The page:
In a parallel and perhaps even more politicised context, Latin American NGOs were assisted greatly by the International Conference on Refugees, Displaced and Repatriates of Central America (CIREFCA), a process that provided an international forum for analysing, discussing and looking for solutions to the problems of forced migration. Though not a coordination body itself, CIREFCA provided the impetus for the establishment of national NGO coordination structures (`Concertación' in El Salvador, for instance, and `Coordinación' in Guatemala). CIREFCA brought together UNHCR, governments, international donors and subsequently NGOs and organisations of the uprooted themselves. Principles and criteria for refugee returns in Central America were drafted and the changing circumstances of uprooted people were monitored. A political space was created for NGOs and refugees which helped them become organised independent actors able to negotiate with governments.

Governments vary in their attitudes towards NGOs and hence towards their umbrella bodies. In some countries there is vehement opposition to any form of collective NGO action, however innocent. This may be because of a real of perceived fear of civil unrest or opposition being orchestrated through civil institutions such as NGOs or it may simply be that the government feels that it alone has the mandate to coordinate NGO activity. By contrast, some governments have given their full support to the setting up of NGO coordination bodies. For instance, the Mauritius Council of Social Services (MACOSS) receives a grant from the Ministry of Social Security and National Solidarity and has a government official on its board. The key to a successful partnership is open dialogue wherein the coordination body provides a useful service and interface with the NGO community, rather than a threat to the authority of the state. A coordination body could offer its services to the government as a channel for communicating with the NGO community at large and should always ensure that copies of its publications, database, Statutes, etc, are given to the government and that the government is invited to comment on these and any other activities undertaken by the NGO community.

The thorny problem of NGO relations with national governments is well illustrated by what happened in Kenya in 1992. The Kenyan Government introduced the NGO Coordination Act which was to regulate and prioritise NGO inputs into the country at large in the wake of the Somali refugee crisis. At field level, UNHCR had already assigned NGO lead agencies as their contractual partners for assistance to refugees but the government was increasingly concerned about the autonomy enjoyed by an increasing number of national and international NGOs setting up offices in the country. The NGO response to the Act was, not surprisingly, one of alarm. Backed by a powerful coterie of government and multilateral donors, they managed to delay - and in some cases cancel - certain provisions of the Act. Where NGO coordination had previously been poor, suddenly NGOs under attack found very quickly a need for coordinated action. Interesting parallels can be drawn with security alerts in Afghanistan which elicited impressive levels of NGO cooperation through the Agency Coordinating Body for Afghan Relief (ACBAR) in the last few years. A general threat to NGOs is not a prerequisite for coordination but it certainly helps.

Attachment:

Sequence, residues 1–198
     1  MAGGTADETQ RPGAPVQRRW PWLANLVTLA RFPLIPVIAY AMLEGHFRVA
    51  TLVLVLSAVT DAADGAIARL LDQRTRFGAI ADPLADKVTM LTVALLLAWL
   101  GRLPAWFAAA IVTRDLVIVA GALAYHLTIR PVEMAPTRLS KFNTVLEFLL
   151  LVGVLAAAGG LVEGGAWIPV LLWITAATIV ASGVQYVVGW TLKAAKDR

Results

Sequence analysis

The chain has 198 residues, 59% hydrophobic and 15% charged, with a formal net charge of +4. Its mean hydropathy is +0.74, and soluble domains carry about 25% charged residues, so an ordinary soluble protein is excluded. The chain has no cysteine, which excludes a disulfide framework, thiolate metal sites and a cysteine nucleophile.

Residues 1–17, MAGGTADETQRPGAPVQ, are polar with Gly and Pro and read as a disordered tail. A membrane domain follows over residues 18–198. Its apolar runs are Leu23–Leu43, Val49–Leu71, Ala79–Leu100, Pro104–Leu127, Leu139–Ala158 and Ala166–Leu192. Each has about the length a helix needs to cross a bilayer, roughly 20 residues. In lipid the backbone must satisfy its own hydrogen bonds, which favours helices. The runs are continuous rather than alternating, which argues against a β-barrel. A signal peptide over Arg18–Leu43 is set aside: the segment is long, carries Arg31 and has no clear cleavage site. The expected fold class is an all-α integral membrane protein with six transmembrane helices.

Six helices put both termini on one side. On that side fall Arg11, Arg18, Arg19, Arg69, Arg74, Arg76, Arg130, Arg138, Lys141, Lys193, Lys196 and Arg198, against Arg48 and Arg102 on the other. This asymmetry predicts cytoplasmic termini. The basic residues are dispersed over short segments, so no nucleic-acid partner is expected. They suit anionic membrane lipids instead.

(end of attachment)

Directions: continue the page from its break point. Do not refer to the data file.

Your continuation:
The mechanics of setting up an NGO coordination body and the comparative advantage such an organisation has as a democratic representative of collective NGO views is something that ICVA has been particularly interested in exploring. A Handbook on how to set up such bodies is now available [see Editor's note below] and training programmes will soon be underway. Behind these initiatives lies the belief that if NGOs as a community have something unique to offer, then a greater degree of NGO coordination at field level is crucial to realising that potential. The UN's own coordinating role in emergencies will be better served by having a representative NGO umbrella body to which it can relate. Coordination `owned' by NGOs is not a bureaucratic imposition designed to stifle the independence and imagination of individual NGOs; it is a tool for increasing the effectiveness of a collective endeavour. The challenge is to design a structure conducive to strengthening cooperation without limiting the freedom of any one participant.

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February 1997